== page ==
Doing more public readings, excluding open mics, is on my list of 2016 New Year Resolutions. I have a history of doing a few open mics a year while simultaneously losing interest in them. Seems too often I leave open mics dissatisfied; here’s a short list of reasons: I’m tired of money making venues that charge you an admission fee; places that expect you to buy drinks; open mics held at bars where you pay admission or for drinks, then have to compete with rowdy drinkers in the background; open mics where people read their poems and could care less about who else reads (lovely when someone reads early only to immediately leave); open mics where the host reads an excessive amount of their own work; where hosts play favorites, allow friends extra time and rush others; open mics that take an hour to get to, one more to get home, cost $5.50 for the round trip subway ride, and then you’re given three minutes to read; open mics that for some reason or another give off a cold unwelcoming negativity that is hard to understand coming from a room full of poets; there’s more; there’s always more. I haven’t completely ruled out open mics, especially those that are different. I think CUNY should open up their performance spaces to the general public for free open mics and advertise them in good faith (they hold a handful during the year that mostly students attend). Besides libraries, there are plenty of great common areas around the city where free open mics could be held. Why not?
My year, so far, has gone well, with a handful of featured readings where I was given a decent amount of time and felt respected. A couple of readings are forthcoming: I’m especially looking forward to being featured at the Jamaica Center of Arts and Learning on December 2nd. You can expect me to post video clip links of some past and future attempts at becoming a quasi-performance artist. Sometimes, I envy what strong spoken word artists can do. There’s plenty to learn; going to the video is always helpful. The video clips also tickle my narcissistic underbelly; oh, to actually be ego-less; a universal “some” say it can’t be done. My “I” vacillates between total detachment and insatiable desire; my “I” exaggerates; the middle path seems to be finding me with age.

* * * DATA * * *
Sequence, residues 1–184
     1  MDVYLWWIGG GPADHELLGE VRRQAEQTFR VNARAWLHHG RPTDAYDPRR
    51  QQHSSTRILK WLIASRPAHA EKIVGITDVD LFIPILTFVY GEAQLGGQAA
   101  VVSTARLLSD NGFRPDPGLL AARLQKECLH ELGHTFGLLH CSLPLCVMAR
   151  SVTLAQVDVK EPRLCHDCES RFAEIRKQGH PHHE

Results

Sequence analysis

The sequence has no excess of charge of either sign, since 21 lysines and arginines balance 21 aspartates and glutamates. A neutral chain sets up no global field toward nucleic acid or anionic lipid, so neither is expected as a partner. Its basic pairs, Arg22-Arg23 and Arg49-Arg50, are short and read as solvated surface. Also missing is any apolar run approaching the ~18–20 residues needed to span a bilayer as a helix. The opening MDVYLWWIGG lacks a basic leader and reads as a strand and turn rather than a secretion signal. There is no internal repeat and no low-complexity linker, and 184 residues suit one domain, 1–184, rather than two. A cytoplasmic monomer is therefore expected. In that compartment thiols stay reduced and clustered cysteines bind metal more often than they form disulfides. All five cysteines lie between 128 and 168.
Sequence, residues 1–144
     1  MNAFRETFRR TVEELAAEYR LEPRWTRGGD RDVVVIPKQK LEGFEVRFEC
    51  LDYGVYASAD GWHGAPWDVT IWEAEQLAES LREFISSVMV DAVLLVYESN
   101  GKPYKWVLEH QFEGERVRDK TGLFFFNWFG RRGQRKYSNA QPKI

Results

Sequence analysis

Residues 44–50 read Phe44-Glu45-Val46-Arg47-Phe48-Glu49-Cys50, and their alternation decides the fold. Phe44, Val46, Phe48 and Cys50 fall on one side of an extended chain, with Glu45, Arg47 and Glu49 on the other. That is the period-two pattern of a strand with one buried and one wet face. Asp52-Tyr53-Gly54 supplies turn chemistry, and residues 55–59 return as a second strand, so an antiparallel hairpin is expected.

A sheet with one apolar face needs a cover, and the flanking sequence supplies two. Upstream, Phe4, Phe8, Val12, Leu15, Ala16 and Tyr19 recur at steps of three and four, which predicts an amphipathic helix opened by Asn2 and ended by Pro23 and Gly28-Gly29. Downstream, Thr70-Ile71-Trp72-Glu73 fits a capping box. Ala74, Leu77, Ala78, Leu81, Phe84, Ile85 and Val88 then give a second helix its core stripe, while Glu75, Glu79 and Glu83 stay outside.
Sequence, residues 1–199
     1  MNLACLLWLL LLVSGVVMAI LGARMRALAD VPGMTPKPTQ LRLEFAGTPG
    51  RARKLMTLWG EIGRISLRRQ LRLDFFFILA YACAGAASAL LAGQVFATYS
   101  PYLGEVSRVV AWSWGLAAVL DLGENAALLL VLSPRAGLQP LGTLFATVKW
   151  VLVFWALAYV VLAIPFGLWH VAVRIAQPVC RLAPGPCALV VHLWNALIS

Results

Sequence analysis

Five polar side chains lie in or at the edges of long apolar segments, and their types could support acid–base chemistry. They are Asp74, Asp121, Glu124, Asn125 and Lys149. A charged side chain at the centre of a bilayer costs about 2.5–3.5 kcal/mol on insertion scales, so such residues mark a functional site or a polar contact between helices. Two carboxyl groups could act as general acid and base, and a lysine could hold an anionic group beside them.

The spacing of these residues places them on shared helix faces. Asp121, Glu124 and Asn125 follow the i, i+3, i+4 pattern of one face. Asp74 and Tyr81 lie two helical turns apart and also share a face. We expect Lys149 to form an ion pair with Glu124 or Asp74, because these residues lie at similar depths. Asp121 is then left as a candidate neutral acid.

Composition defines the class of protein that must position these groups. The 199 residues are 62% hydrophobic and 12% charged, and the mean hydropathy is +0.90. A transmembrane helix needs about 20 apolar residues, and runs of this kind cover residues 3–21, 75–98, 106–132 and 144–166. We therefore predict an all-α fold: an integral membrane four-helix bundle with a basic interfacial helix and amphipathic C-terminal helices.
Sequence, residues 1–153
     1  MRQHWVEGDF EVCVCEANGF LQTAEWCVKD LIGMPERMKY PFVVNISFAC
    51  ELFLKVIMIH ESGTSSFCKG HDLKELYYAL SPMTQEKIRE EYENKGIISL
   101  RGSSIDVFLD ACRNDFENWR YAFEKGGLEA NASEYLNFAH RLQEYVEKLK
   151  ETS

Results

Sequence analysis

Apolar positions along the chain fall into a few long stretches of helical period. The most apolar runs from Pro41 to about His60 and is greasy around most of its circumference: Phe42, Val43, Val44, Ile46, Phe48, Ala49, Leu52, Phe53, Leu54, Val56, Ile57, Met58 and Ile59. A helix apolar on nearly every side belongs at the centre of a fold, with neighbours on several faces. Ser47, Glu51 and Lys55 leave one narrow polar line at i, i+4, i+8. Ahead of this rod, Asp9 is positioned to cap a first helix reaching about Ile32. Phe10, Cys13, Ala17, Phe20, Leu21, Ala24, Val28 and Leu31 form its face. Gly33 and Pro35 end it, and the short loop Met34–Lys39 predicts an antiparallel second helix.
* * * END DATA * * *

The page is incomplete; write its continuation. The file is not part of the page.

Last night, I read with other mentors and alumni from The Creative Writing Club. It was a terrific event held at Passage Irish Bar and Kitchen in Astoria, Queens. Astoria has an interesting ethnic variety of places to eat and drink and is one of Queens’ cultural high grounds: the Museum of the Moving Image is across the street from Queens Council on the Arts; the Boundless Reading Series holds its events at the Astoria Bookshop; there’s Kaufman Movie Studios; Socrates Sculpture Park; the Noguichi Museum; more. That I don’t have to extend my subway ride past the east river is something I also consider. More than anything, I didn’t want to miss the The Creative Writing Club’s launching event; it’s a great new start-up hoping to bring poetry to more schools around the city. It was sweet to be the closing reader in the program too. I had more time to work with; but I didn’t take it since the event was running late; a good choice I think: reading last in an Irish Pub means you’re not exactly sober in the end.
Two Ultrasound Images of My Dear Liver
Before Christmas 2015
Before Michealmas 2016